Excelling at Excel, Part 1

January 7, 2023 in Excel

In my old article I have demonstrated an atypical approach one may take to browse through similarly-looking security artifacts while analyzing a gazillion of similarly looking URls in Excel.

I love Excel and been using it for more than 2 decades. It is one of these ‘most important’ but often undervalued tools in our infosec toolkit that we all have an opinion about: we either love it or hate it. And – I must confess that my opinion is supported by what I have witnessed in many different companies over the years – it often feels that to many Excel users, including infosec pros, some of its functionality is not only remotely unfamiliar — it is actually absolutely unknown!

Why don’t we change that!?

Here we are in year 2023… Excel is all over the place, whether as an email attachment (this time non-malicious!), or a shared document, whether helping us with a snapshot of forensic evidence, opening a CSV/XLSX export from Splunk, or other platforms, or is being used by DFIR or compliance folks, or even more often – by all these security committees and security project managers that like to push paper, and all this feels good, but… while so many of us and them use it, not so many of us and them know or are eager to explore ways to know it better…

What makes Excel an excellent tool for security people?

How about a streamlined way for… data import, data conversion, data sorting, data filtering, data reduction, data normalization, data extraction, data transformations, algorithmic data processing and then an ability to present this data and processing results in not only many ways possible, but also the ease of doing so (using pivot tables, charts, filters, and many other options available). We simply need to invest time to understand this tool better.

The article I linked to was about using VBA — this, for many, is an advanced level. Let’s come closer to the basics: dates, formulas, formatting.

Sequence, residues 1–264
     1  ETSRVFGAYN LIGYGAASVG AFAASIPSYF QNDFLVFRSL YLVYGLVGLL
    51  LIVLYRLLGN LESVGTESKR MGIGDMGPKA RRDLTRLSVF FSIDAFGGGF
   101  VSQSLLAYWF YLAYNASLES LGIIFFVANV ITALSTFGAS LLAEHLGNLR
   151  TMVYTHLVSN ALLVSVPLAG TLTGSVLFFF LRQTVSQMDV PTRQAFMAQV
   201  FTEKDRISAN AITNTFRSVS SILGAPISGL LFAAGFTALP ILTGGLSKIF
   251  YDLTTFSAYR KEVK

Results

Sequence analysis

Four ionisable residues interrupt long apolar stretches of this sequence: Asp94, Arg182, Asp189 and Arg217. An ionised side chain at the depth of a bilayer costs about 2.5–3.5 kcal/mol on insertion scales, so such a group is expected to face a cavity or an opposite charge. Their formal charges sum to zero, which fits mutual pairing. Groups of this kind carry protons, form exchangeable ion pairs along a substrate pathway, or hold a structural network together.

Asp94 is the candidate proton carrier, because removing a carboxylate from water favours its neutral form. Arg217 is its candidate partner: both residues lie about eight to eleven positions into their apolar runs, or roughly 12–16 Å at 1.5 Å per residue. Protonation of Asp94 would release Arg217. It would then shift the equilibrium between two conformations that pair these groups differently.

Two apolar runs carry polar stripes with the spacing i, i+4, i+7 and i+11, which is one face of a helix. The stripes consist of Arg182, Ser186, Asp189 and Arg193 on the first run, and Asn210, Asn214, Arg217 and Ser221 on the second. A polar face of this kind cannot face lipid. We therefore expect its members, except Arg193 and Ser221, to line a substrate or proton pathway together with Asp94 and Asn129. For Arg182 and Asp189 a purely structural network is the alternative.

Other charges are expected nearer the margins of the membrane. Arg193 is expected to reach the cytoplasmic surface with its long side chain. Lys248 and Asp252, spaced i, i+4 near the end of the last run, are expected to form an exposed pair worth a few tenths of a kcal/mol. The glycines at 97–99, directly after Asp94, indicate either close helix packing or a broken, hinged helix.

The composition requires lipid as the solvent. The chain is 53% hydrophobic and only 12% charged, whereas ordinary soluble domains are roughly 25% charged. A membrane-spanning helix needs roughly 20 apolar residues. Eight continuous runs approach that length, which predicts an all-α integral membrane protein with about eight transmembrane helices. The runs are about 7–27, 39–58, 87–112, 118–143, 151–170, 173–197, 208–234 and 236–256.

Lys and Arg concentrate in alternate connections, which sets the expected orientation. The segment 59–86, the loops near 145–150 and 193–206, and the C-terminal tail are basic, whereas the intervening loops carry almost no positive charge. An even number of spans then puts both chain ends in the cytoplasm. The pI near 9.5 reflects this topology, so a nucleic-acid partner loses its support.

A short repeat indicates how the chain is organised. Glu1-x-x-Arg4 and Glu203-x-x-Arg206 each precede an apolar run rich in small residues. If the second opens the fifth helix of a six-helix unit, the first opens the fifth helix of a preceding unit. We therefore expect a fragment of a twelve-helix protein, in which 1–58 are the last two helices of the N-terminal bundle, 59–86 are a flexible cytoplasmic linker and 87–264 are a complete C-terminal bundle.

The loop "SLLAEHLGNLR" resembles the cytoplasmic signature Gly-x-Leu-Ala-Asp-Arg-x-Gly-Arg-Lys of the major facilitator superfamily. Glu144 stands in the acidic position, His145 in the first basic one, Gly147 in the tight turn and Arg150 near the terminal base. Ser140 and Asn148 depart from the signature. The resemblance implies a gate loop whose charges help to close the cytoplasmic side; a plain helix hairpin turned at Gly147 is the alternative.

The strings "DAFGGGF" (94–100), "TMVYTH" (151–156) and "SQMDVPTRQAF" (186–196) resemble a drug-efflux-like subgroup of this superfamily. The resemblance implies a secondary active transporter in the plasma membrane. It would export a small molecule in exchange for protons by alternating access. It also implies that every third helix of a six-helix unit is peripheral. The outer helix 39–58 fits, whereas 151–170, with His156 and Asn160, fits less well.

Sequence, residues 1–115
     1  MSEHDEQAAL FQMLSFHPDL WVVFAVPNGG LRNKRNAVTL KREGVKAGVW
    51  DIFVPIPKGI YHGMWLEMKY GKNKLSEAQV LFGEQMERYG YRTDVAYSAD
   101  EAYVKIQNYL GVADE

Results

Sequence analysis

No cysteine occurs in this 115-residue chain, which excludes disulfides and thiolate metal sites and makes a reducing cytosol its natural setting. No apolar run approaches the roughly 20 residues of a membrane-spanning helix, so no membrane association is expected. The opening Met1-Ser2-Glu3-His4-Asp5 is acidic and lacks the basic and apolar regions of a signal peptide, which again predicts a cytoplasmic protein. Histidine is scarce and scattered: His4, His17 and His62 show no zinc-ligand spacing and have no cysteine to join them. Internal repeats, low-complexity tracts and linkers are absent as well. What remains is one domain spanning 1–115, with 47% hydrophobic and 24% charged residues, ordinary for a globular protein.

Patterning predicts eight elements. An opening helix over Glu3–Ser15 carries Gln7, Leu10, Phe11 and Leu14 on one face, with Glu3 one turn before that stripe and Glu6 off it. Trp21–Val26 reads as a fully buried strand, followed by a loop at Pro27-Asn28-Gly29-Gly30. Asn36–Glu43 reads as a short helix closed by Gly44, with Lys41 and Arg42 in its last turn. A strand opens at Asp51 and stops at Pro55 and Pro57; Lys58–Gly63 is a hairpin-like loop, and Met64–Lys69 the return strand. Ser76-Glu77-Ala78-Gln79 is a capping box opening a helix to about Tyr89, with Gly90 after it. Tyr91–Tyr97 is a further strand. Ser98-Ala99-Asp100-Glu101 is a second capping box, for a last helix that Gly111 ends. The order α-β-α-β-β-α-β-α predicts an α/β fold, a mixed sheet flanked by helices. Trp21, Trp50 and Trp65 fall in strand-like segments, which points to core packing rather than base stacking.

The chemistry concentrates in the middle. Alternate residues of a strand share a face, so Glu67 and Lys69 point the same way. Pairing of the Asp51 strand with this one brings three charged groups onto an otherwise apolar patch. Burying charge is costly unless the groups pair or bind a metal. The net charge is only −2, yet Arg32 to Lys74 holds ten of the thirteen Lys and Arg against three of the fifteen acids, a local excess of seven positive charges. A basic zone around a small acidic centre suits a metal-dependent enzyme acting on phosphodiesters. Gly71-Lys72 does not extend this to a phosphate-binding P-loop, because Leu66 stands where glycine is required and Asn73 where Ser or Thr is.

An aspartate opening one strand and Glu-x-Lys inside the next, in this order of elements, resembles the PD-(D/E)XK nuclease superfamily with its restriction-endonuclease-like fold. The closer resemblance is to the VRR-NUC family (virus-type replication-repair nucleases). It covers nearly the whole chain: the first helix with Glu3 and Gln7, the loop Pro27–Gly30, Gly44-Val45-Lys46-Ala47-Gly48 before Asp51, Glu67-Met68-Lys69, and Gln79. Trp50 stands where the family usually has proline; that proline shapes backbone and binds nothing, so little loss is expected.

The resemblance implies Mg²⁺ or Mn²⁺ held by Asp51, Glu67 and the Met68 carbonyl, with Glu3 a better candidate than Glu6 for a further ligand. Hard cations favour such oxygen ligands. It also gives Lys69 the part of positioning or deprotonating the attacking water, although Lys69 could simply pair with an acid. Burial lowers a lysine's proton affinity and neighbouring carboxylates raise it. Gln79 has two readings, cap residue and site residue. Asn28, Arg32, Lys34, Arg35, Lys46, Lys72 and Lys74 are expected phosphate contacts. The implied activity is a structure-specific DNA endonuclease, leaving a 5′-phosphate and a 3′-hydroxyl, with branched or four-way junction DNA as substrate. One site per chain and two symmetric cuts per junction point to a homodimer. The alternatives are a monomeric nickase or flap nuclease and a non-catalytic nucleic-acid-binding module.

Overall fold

One of the easiest way to demonstrate Excel’s power it building a self-formatting timeline. I have used this approach (a template really) in one or another form for many different cases, not only in forensics, but also for planning, and scheduling. And once you create it manually, at least once, you will find it very tempting to use it for many different projects in the future…

Let’s begin (steps are Windows-centric, but for most of the steps Ctrl->CMD switch on macOS will suffice).

Create a new workbook and go to A1 cell. Type =NOW() and press Enter. You should see something like this:

You can save it as foo.xlsx, or whatever. The A1 cell will always hold the value of a current time. So, anytime you open this Excel file, it will be there, in A1, up to date.

Copy the content of this A1 cell (Ctrl+C), and then Paste it Special into B1 – using the options from a dialog box that pops up, paste it as a value (CTRL+ALT+V, ALT+H+V+S).

You may see something like this:

Note that the time in A1 has already changed. It doesn’t matter for this exercise.

The B1 contains a number. This is how Excel stores info about the date. We can add meaning to it by formatting it as a date. You can use Format Painter, click it while in A1, and then apply it to B1:

The time in A1 has changed again, but B1 is now fixed (because it’s a value, not a formula).

Go to B1, and Press Ctrl+1. You will see the Format Cell Dialog Box. Go to Custom and Type YYYY-MM-DD (ddd), then hit Enter to see the dateish number being reformatted to a date:

We now have a ‘starting’ date for our timeline, formatted in a proper way.

Go to B2, and type =B1+1 and then hit Enter. And once you do it, you will see:

That is the beginning of our timeline.

While in B2, press SHIFT and go a few rows down, then press CTRL+D. This will populate the very same formula (B1+1) down, of course, adjusting it to use a preceding row’s cell as a point of reference:

We can format it to the left so it looks neater: